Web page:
By Kristina Cooke
NEW YORK (Reuters) - Stocks slipped in erratic trade on Wednesday as investors worried about the toll soaring oil prices are taking on the economy and corporate profits.
Shares of General Motors
Coal mining company shares, including Consol Energy
Adding to the sour mood, U.S. Treasury Secretary Henry Paulson said high oil prices, further home price declines and capital markets turmoil will prolong the American economy's slowdown.
But modest gains in financial stocks kept losses in check. Deutsche Bank
The Nasdaq fell more than the Dow and the S&P 500, as investors sold shares of big-cap technology companies such as Intel Corp
"I think the third quarter is going to be a quarter that is singled out as a period where profit estimates come in line with realistic expectation," said Peter Kenny, managing director at Knight Equity Markets in Jersey City, New Jersey. "You will see profit estimates across the board, not just for financials, lowered."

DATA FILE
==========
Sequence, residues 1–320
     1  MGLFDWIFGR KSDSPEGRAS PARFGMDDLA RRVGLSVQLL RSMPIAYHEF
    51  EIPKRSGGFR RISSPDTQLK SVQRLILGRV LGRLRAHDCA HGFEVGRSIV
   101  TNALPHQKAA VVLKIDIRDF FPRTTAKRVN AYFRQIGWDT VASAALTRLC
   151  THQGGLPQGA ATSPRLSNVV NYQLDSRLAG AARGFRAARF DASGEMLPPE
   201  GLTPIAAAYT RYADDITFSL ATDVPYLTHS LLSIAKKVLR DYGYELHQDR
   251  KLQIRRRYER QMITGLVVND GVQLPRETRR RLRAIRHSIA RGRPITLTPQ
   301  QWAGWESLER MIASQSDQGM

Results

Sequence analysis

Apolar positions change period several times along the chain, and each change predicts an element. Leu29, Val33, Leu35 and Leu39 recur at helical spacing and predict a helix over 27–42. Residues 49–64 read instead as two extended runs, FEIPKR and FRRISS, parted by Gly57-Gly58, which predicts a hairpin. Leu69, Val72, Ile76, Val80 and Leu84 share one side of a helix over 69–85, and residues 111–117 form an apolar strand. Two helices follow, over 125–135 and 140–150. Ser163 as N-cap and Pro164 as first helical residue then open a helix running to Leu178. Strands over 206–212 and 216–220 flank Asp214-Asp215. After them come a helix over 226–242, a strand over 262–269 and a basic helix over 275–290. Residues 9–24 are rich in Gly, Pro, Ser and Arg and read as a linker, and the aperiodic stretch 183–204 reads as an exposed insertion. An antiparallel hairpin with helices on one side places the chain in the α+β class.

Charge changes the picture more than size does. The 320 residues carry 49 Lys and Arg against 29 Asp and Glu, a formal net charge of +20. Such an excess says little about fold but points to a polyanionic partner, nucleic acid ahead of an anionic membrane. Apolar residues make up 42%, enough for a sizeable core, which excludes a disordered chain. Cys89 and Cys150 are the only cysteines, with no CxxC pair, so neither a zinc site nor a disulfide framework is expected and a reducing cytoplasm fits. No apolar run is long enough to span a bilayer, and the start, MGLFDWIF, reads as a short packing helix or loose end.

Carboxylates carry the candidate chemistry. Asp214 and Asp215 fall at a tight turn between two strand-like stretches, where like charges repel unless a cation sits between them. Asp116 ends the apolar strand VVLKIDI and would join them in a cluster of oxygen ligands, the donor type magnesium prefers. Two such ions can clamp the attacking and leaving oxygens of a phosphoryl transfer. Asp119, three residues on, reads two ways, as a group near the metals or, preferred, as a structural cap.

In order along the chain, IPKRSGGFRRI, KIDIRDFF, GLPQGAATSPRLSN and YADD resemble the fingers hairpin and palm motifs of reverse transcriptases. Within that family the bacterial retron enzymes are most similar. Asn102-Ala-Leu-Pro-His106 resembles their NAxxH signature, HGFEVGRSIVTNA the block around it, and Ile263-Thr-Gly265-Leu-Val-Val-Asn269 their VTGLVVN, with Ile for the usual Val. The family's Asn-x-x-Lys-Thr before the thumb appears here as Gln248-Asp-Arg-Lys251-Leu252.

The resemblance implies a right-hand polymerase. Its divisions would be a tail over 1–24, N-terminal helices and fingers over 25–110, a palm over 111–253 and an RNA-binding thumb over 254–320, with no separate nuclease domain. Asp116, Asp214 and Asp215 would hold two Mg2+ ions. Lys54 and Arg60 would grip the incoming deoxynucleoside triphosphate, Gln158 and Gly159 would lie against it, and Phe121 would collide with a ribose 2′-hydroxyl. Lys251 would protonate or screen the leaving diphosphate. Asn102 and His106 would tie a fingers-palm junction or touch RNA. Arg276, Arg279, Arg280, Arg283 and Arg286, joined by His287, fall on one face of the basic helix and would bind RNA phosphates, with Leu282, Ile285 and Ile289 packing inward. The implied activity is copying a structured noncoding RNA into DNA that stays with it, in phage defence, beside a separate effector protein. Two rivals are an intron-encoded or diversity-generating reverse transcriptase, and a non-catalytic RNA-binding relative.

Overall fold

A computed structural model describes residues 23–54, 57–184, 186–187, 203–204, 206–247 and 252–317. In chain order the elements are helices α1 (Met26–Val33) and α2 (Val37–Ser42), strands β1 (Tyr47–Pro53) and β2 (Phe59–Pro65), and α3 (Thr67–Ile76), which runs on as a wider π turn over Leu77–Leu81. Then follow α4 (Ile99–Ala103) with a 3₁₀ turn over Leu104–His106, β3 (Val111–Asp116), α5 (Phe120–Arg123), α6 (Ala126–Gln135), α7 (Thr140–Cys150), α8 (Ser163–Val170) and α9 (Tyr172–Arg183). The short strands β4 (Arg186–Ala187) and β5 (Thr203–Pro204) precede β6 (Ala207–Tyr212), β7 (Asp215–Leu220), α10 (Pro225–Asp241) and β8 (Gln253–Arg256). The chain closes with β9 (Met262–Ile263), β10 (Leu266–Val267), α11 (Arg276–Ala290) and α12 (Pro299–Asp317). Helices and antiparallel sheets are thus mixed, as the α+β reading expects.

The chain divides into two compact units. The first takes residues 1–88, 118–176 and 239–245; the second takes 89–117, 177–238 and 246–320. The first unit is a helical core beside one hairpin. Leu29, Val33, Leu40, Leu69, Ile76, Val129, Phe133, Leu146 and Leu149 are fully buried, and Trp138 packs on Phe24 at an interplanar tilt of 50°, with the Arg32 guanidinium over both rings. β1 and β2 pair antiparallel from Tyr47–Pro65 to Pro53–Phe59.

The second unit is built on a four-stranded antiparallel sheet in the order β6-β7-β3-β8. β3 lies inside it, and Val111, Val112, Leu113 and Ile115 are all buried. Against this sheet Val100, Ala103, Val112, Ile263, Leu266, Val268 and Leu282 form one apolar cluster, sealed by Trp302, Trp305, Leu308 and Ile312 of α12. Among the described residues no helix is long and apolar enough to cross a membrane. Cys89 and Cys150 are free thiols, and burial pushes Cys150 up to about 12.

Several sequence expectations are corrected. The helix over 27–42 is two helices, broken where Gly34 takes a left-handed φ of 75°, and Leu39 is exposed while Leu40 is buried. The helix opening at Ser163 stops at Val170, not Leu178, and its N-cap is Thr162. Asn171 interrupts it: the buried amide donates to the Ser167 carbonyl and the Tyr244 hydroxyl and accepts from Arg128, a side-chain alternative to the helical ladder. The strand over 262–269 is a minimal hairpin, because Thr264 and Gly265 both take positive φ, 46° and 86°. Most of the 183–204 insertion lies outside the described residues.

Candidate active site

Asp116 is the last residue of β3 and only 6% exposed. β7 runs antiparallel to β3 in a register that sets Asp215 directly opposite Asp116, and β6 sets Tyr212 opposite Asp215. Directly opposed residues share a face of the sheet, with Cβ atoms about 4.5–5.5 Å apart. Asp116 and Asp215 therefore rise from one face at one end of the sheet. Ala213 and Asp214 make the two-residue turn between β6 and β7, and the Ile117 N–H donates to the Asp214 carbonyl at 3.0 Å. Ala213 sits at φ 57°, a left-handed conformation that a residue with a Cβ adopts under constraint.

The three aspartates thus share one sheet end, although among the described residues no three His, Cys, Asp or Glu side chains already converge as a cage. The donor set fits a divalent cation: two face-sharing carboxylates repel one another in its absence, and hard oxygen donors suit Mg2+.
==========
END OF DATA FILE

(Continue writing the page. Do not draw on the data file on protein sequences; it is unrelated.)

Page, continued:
The Dow Jones industrial average <.DJI> fell 7.09 points, or 0.06 percent, to 11,375.17, while the Standard & Poor's 500 Index <.SPX> slipped 2.42 points, or 0.19 percent, to 1,282.49. The Nasdaq Composite Index <.IXIC> was down 17.64 points, or 0.77 percent, at 2,287.33.
Deutsche Bank's announcement underpinned gains among bank stocks, with shares of JPMorgan Chase & Co
Nervousness abounded a day before the key monthly jobs report. On Wednesday, a report showed U.S. private employers slashed 79,000 jobs in June -- which may spell bad news for the government's report due before Thursday's opening bell.
Caterpillar was the biggest drag on the Dow, with its stock down 2.8 percent at $72.02. Shares of General Motors fell 10.5 percent to $10.52. Intel Corp's stock lost 1.1 percent to $21.32.
The Dow Jones coal index <.DJUSCL> was down 10.2 percent in afternoon trading, led by a 10.4 percent drop in shares of Consol Energy.
The ADP's employment report aside, Wednesday's data brought some brighter news as well, with a boost in demand for aircraft lifting new orders at U.S. factories by an unexpectedly large 0.6 percent in May.
U.S. crude for August delivery was up $1.38 at $142.32 a barrel.
(Editing by Kenneth Barry)